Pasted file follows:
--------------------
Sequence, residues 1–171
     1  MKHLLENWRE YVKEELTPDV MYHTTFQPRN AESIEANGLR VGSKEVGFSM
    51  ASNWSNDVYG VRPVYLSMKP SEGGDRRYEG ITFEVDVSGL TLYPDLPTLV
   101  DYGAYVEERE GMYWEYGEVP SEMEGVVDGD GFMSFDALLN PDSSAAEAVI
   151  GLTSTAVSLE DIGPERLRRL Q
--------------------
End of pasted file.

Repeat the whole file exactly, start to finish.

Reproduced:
Sequence, residues 1–171
     1  MKHLLENWRE YVKEELTPDV MYHTTFQPRN AESIEANGLR VGSKEVGFSM
    51  ASNWSNDVYG VRPVYLSMKP SEGGDRRYEG ITFEVDVSGL TLYPDLPTLV
   101  DYGAYVEERE GMYWEYGEVP SEMEGVVDGD GFMSFDALLN PDSSAAEAVI
   151  GLTSTAVSLE DIGPERLRRL Q